After Wednesday, California Will Have Its Own Saint in Capitol
Battles over historic symbols can get heated, as Congress learned this summer in the Confederate battle flag fight . But a little controversy isn’t stopping Pope Francis from weighing in on the debate over one of California’s key historical figures — a frontier-era priest whose statue is prominently displayed in the U.S. Capitol.
On Wednesday, the pope will canonize Junípero Serra, a Franciscan priest — revered by Catholics and reviled by some Native Americans — who founded nine of the state’s 21 missions in the 1700s and brought Catholicism to the new world. To supporters — including the pope — he’s a saint, despite the church’s subjugation at the time of California’s native peoples. Some historians say it’s unfair to judge Serra through the lens of modern morals and standards. When indigenous tribes were viewed as subhuman by Spanish settlers, Serra saw their “intrinsic dignity,” said one supporter.
Critics point to the darker side of the legacy of Spanish colonialism that destroyed the culture of Native Americans and enslaved those they tried to convert.
Sainthood is a bridge too far, they say.
But sainthood is happening, in a ceremony at the Basilica of the National Shrine of the Immaculate Conception on Michigan Avenue in Washington on Wednesday. And detractors are left with little recourse.
Before the national backlash against Confederate symbolism after the massacre of nine church parishioners in Charleston, S.C., in June, the California Legislature was advancing a bill to replace Serra’s statue in Statuary Hall (each state contributes two statues in the collection) with one of Sally Ride, the first American woman in space, a brilliant scientist and a lesbian.
The bill’s sponsor, Ricardo Lara, a Democratic state senator and member of the California Legislative Lesbian, Gay, Bisexual and Transgender Caucus, whose district includes much of Long Beach, maintained the move was based on Ride’s achievements and the example she sets for young girls.
But the timing was conspicuous. Lara announced his intentions just weeks after Francis announced plans of the canonization. And it seemed to be a thumb in the eye of a religion struggling with its views on the LGBT community.
“That was an interesting one, in that Sally Ride being put in his place was probably equally controversial,” said Rep. Darrell Issa, R-Calif., whose district includes Mission San Juan Capistrano, the last intact place of worship where Serra celebrated Mass. “It was not based on her being the first [U.S.] woman astronaut in space and so on; it was based on her being a lesbian.”
The bill’s momentum stopped after Gov. Jerry Brown, a Democrat and a Catholic, told Catholic News Service the statue would stay in the Capitol. “It’s done as far as I’m concerned,” Brown said.
But the controversy’s not going away, despite the pope’s decision to confer sainthood. A Lara spokesman told CQ Roll Call on Sept. 18 the bill would be revisited in January.
Issa said he didn’t think Ride’s achievements, while noteworthy, would stand the test of time like Serra’s. “We only get two statues and they shouldn’t be changed based on the Legislature’s whim,” he said.
“But,” Issa added, “I do share the concerns that Native Americans have for the canonization of this priest, based on a mixed message it sends to the Native Americans who were, under his tutelage, knowingly brought into captivity and many of them dying there because of it.”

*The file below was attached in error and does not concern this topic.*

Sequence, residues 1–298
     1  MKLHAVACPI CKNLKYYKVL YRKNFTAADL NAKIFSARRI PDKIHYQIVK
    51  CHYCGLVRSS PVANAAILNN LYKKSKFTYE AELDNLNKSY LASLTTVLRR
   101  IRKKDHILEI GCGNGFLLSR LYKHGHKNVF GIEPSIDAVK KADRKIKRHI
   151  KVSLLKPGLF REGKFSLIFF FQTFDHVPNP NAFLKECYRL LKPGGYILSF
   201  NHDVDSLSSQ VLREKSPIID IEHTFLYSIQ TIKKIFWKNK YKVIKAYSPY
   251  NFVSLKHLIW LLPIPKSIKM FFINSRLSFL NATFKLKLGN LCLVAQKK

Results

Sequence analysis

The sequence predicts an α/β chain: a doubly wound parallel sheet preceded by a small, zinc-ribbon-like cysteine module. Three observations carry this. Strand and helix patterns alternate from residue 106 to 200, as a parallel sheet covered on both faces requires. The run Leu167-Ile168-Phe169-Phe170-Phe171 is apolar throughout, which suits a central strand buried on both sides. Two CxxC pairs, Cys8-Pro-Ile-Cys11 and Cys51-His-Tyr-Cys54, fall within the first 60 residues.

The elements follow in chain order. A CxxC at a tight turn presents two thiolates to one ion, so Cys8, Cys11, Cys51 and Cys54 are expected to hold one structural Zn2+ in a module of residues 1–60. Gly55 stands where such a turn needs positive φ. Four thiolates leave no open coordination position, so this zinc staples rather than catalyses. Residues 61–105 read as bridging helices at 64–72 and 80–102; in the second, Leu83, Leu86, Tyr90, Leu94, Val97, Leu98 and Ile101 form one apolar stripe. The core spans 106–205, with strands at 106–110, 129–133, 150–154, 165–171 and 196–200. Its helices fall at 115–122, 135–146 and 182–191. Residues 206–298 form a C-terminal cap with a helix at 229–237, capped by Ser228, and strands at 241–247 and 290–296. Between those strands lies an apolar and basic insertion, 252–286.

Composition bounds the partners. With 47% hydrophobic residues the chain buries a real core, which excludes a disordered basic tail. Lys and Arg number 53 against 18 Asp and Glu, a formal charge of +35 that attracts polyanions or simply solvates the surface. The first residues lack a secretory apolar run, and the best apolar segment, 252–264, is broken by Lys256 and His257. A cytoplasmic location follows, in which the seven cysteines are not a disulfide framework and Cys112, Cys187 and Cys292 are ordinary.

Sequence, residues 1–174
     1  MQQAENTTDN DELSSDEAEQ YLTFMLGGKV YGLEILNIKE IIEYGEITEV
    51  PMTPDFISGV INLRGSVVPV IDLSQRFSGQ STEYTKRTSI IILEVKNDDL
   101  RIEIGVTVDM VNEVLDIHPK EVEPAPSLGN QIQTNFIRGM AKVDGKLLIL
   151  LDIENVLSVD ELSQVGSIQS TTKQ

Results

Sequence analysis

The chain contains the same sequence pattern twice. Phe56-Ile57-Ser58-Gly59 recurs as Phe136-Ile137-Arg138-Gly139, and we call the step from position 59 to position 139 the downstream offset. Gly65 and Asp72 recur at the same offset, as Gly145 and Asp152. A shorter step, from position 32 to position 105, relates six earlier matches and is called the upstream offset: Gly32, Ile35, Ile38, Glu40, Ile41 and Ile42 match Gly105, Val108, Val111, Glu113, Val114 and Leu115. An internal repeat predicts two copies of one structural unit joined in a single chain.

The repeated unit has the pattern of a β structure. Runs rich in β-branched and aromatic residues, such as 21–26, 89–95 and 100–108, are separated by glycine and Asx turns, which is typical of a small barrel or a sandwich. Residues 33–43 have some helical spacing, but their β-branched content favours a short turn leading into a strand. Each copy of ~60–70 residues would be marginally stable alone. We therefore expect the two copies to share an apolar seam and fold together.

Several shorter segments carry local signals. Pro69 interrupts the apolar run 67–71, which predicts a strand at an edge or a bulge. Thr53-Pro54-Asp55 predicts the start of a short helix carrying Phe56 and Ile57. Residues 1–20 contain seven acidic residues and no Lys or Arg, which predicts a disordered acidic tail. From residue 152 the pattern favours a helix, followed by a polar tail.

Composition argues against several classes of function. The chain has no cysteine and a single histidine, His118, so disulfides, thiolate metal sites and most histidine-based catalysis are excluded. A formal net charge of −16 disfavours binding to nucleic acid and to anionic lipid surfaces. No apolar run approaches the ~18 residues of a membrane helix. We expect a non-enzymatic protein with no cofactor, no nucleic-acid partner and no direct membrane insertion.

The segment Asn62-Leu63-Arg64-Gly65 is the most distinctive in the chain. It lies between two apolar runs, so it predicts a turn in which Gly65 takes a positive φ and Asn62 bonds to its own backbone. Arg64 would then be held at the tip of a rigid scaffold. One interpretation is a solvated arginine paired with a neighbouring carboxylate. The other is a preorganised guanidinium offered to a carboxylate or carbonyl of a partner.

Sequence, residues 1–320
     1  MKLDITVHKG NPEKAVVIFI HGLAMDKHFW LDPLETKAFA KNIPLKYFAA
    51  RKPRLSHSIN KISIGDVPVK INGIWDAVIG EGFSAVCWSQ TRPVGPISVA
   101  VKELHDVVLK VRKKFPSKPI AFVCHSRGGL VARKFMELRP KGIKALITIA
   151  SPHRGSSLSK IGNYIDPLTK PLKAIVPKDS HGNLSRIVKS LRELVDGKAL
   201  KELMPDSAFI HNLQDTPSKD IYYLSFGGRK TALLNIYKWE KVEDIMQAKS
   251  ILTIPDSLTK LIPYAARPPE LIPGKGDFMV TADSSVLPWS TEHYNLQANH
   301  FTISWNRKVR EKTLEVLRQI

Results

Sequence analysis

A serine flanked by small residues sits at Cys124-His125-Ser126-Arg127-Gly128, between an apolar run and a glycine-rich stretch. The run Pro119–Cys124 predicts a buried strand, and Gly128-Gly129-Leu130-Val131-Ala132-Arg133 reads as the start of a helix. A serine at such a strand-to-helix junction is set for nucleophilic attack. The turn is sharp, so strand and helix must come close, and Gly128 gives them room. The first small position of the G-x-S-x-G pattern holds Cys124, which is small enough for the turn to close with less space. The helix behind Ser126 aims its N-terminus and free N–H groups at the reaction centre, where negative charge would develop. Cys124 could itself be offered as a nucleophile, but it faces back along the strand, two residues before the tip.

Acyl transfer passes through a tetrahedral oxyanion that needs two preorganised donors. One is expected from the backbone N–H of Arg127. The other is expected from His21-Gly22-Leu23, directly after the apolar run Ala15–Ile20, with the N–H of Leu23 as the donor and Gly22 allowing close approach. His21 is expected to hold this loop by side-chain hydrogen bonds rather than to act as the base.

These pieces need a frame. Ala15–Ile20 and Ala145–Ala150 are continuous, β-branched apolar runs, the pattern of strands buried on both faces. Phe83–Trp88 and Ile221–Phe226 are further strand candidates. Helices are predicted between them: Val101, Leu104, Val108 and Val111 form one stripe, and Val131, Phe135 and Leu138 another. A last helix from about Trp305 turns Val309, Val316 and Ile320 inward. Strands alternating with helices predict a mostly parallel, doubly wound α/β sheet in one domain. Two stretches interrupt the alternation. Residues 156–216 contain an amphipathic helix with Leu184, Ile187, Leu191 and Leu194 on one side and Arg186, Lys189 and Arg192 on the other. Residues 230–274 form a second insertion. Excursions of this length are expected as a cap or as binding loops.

Therein lies the legacy’s complexity.
“Clearly it’s a mixed bag,” Rep. Linda T. Sánchez, a California Democrat, said of Serra’s legacy. Sánchez, whose district intersects narrowly with Lara’s, said there isn’t a clear consensus in her constituency on the Serra legacy, but said she personally didn’t have a problem with the statue.
Monsignor Arthur A. Holquin, pastor emeritus of the Mission San Juan Capistrano Basilica, said sainthood is not about being perfect. It’s largely about living the “heroic virtues of life.” Serra left his home in Spain, his family and a promising future as a theologian to come to the new world to preach the gospel.
Holquin points to the fact that in July, Francis apologized and asked for forgiveness for the crimes committed by the church against native peoples. Holquin said canonization is not a blessing of colonization, but a recognition of Serra’s tremendous efforts to share the gospel of Christ.
But Teresa M. Romero, chairwoman of the Juaneño Band of Mission Indians, Acjachemen Nation — the original inhabitants of the region — called the canonization “unacceptable” and said that focusing on Serra’s proselytizing is merely “positive spin.”
“That leaves the impression that we had a choice,” said Romero, pointing to the fact that indigenous people were punished if they tried to leave the missions. “And that wasn’t the case at all.”
Not all Juaneños oppose the canonization. Nathan K. Banda celebrates his family’s 12 generations of Catholicism and credits the detailed record-keeping of the Spanish settlers as a way to learn about his heritage. Banda said he doesn’t deny the negative aspects of the history, but prefers to focus on the positive.
“If I was to focus on all the negative stuff,” Banda said, “I really wouldn’t have time to find all the positive things about my culture.”
The pope is set to preside Wednesday afternoon at the Serra canonization Mass at the Basilica of the National Shrine of the Immaculate Conception on Michigan Avenue Northeast.
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